The United Nations has warned of extreme humanitarian crisis in Tigray as hundreds and thousands of people have already succumbed to the conflict so far with thousands displaced. Over 36,000 people have reportedly fled to nearby Sudan and others are moving withing Tigray to escape from the war-torn region. Warning issued by Ethiopian government regarding attack on Mekelle may prompt further displacement of over half million inhabitants of the capital. 

On Sunday night, PM Abiy Ahmed posted on Twitter, “We urge you to surrender peacefully within 72hours, recognizing that you are at the point of no return.” 

Country’s military has warned civilians to separate themselves from the rebels who are believed to be hiding withing the civilian areas or no mercy will be offered in the assault. Military has said that tanks are encircling Mekelle and artillery too might be used on the highland capital city situated in northern Tigray region, that lies on a plateau at altitude of over 2,500 metres. 

Col. Dejene Tsegaye said that till now military has avoided targets that might risk civilians but noted that Mekelle might be a different case. He said, “The next phases are the decisive part of the operation, which is to encircle Mekelle using tanks, finishing the battle on mountainous areas and advancing to the fields.”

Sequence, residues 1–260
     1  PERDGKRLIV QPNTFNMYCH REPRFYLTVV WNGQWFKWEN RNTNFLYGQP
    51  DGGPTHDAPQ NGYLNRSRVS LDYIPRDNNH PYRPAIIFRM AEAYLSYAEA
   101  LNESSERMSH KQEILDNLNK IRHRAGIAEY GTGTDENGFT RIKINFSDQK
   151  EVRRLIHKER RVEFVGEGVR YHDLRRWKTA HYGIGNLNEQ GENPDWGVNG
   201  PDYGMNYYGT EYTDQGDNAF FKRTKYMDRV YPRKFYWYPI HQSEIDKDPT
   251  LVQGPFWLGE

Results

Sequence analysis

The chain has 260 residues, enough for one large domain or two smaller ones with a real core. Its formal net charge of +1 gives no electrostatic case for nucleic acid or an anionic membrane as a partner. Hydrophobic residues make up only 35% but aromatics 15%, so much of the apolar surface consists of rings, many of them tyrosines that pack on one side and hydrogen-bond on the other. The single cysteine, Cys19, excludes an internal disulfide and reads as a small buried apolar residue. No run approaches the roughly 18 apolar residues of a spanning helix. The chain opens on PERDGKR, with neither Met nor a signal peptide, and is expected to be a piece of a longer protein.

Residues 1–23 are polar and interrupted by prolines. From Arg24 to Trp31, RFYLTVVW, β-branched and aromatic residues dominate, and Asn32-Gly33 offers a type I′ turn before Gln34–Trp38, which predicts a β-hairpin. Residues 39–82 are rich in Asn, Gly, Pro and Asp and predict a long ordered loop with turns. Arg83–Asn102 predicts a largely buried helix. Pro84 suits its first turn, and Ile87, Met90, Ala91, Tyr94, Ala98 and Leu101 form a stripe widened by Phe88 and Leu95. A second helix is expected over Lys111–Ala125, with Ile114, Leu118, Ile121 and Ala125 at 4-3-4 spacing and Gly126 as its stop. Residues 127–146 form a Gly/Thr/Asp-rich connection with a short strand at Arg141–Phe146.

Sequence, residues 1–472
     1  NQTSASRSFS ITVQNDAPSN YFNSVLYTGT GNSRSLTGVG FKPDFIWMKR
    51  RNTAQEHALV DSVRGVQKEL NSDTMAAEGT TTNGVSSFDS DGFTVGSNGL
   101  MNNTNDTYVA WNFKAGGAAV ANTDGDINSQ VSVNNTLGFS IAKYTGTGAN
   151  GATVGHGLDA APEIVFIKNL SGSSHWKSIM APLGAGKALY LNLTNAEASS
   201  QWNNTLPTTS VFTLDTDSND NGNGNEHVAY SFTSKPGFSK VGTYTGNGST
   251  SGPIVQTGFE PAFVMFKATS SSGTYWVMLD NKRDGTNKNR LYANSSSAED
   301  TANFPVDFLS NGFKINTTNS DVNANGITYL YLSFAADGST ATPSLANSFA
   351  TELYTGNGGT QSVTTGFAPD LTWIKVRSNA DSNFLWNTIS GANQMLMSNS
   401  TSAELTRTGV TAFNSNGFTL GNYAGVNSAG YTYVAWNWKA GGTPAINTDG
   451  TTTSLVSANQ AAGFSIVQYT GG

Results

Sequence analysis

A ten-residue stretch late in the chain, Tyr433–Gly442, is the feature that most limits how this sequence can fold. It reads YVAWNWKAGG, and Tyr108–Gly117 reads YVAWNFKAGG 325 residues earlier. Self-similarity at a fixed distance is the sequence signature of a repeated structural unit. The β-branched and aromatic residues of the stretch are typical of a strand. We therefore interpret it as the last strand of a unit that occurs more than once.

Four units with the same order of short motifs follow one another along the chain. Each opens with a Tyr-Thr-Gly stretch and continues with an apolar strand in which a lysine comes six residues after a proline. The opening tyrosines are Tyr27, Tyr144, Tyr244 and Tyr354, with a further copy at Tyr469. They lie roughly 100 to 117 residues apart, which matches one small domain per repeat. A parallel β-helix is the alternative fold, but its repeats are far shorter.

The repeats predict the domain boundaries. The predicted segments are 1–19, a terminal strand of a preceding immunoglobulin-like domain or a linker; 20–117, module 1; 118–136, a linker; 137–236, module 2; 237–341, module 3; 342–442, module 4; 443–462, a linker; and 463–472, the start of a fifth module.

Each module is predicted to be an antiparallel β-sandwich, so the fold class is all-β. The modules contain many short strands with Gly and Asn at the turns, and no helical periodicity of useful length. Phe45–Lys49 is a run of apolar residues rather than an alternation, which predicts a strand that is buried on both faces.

Abiy Ahmed hinted last week of future attacks as “final push” to end the conflict withing few days. But assessment by UN says otherwise. UN suggests that Ethiopian military forces are facing resistance than is being communicated officially. Though troops were deployed days before, they are still struggling to secure territory. This, as per UN experts, raises chances of a lengthy and bloody guerilla war. 

The war is result of consummation of months of turmoil and conflicts between TPLF and ruling party in Addis Ababa. TPLF held the polling even after national elections were cancelled due to coronavirus pandemic. This further aggravated the tensions. Ahmed, last year’s winner of Nobel Peace Prize and Ethiopia’s youngest leader, commenced his aggressive operation after alleging TPLF to have attacked a military camp. 

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African Union (AU), who were appointed to mediate the conflict have not been allowed to visit the war-hit region by Ethiopian government. The envoy was appointed by AU President Cyril Ramaphosa of South Africa, including in envoy former Mozambique President Joaquim Chissano, former South African president Kgalema Motlanthe and former Liberian president Ellen Johnson-Sirleaf. The former presidents of envoy will only meet Abiy Ahmed and not visit the region, said senior advisor to the Ethiopian PM. 

Explaining the reason of not allowing the envoy to visit the war-torn region, the government official said, “Tigray is currently under military operation. We believe that the military operation will come to an end soon. If this disgruntled TPLF wants to bring an end to the current conflict all they need to do is peacefully surrender and for that nobody needs to go to Tigray or Mekelle to make that clear to them.”

Human Rights Watch (HRW) has urged to spare Ethiopian civilians who are inhabiting the Tigray capital city of Mekelle. The rising humanitarian crisis is leading to massive influx of refuges from Ethiopia to Sudan. UN fear that this will force Sudan to edge of the cliff as it is already supporting millions of displaced from other African nations.